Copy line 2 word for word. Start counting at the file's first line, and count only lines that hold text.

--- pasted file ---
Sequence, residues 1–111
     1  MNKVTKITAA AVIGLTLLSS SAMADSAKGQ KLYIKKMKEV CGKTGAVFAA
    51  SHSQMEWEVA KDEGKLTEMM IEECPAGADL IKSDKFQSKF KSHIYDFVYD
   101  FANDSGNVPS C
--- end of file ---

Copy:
     1  MNKVTKITAA AVIGLTLLSS SAMADSAKGQ KLYIKKMKEV CGKTGAVFAA